Of course, these are small samples. Hell, a single 60-inning season for a reliever is a small sample, which is why using one year's numbers to guide the assembly of a quality bullpen the next year is so damn hard; managers and GMs can overreact to small sample sizes and quickly bury a pitcher who's not going well. Joe Girardi, to his credit, didn't do that with Chamberlain, Robertson and Logan when they were tattooed early in the season, not that he had much of a choice; it wasn't as though Brian Cashman could suddenly phone 1998 and summon Jeff Nelson and Mike Stanton. As in years past, Girardi's sifted through his options, some less heralded than others, and found a combination that's started to click.

Logan is particularly interesting. As a White Sock, he made the jump from High-A to the majors at the tender age of 21, and while he yo-yoed up and down between Chicago and then Atlanta and Triple-A and grew one of the most unsightly beards you'll ever see, he never found much success. Coming into the year, he owned a 5.78 career ERA due mainly to his gopher ball tendencies (1.2 per nine). He'd been cuffed around to a fair degree by lefties (.266/.333/.398 in 289 PA), and absolutely tarred and feathered by righties (.325/.400/.509 in 309 PA). This year, lefties are hitting just .174/.269/.217 against him in 52 PA, and they're just 1-for-21 with no walks since the break; righties are roughing him up (.271/.358/.424 in 67 PA) but not to the same degree as before, and they're just 3-for-14 against him since the break. Overall, he's got an 11/1 strikeout-to-unintentional-walk ratio in the second half, compared to 13/9 in the first, and is pitching with the air of a guy who's finally emerging as a viable major leaguer. In any event, with Marte still in the Pyrenées (or on the disabled list), Logan's likely the bullpen's sole lefty until rosters expand in September.

Wood, who was acquired from the Indians at the deadline, is another key. The former Cubs phenom is more than a decade removed from his tantalizing 1998 rookie season, which included a 20-strikeout performance but ended with a Tommy John surgery. He was nursed through a handful of fairly effective seasons before a litany of further arm injuries limited him to just 36 starts from 2004-2006. In his late 2007 return, he shifted to the bullpen, and spent a couple of rocky years closing while making considerable coin, first in Chicago, then in Cleveland.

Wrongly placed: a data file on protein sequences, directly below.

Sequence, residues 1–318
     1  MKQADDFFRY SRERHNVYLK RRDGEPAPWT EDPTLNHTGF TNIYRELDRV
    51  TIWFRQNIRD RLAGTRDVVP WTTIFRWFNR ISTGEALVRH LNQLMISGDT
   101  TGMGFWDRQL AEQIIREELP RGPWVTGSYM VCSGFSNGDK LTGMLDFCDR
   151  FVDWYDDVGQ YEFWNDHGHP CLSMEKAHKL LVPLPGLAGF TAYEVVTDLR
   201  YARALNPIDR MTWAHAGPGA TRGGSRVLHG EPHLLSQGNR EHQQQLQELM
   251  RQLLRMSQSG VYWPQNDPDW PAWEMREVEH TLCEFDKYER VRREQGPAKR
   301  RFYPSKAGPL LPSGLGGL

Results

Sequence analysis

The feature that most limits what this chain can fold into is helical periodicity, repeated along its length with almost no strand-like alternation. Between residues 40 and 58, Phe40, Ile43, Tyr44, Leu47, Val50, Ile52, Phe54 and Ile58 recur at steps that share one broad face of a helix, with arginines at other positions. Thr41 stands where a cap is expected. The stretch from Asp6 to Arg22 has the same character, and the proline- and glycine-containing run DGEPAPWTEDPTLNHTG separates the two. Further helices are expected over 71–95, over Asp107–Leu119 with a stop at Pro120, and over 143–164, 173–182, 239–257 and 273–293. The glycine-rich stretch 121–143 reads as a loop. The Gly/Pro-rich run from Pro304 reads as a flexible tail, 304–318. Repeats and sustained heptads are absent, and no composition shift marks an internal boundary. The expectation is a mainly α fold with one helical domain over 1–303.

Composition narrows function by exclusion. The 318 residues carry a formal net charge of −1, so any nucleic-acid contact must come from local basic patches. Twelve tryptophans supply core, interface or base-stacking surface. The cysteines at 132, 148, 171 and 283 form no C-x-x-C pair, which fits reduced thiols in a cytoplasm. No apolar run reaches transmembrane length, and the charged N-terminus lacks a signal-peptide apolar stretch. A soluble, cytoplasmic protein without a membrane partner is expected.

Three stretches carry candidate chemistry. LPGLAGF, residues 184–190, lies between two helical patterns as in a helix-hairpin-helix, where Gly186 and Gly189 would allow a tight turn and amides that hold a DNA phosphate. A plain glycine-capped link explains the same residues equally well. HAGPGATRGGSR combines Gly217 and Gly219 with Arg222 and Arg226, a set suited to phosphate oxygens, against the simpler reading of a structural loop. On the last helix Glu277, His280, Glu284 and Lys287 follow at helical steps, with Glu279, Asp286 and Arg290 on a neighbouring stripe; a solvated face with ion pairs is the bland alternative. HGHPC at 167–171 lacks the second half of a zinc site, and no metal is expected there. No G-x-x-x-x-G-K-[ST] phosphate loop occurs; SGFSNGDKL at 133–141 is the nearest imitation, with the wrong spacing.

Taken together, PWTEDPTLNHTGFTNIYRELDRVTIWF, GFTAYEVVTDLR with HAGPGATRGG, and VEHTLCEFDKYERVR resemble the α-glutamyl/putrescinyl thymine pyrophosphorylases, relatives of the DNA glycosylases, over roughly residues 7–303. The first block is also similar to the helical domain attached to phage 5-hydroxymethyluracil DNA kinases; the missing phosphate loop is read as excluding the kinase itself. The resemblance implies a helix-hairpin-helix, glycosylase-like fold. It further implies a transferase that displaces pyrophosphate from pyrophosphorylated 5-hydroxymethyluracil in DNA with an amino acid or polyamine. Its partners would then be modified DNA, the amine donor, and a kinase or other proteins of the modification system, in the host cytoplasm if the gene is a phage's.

Wood missed the first month of this season due to a strained lat, yielded 12 runs in his first 11.1 innings, and was only starting to find a groove before blisters sidelined him in mid-July. He's whiffed 23 and walked 10 while allowing just four runs in 18 2/3 innings dating back to June 10; batters are hitting just .217/.333/.304 in that span. Cliff tried to compare him to Kyle Farnsworth during our initial video session, but when healthy — which he only is for stretches at a time — Wood's a much better pitcher than old Farny, still capable of providing the occasional jolt of electricity he fleetingly harnessed at a young age. If he keeps missing bats, he'll help the Yankees.

Nearly three-quarters of the way through the season, the Yankees finally appear to have a fully functioning bullpen. Marte, who's rehabbing and was actually spotted on the bench recently, and Aceves, whose rehab is going well, will provide further reinforcement in the hopes of molding a unit that can serve the Yankees well deep into October.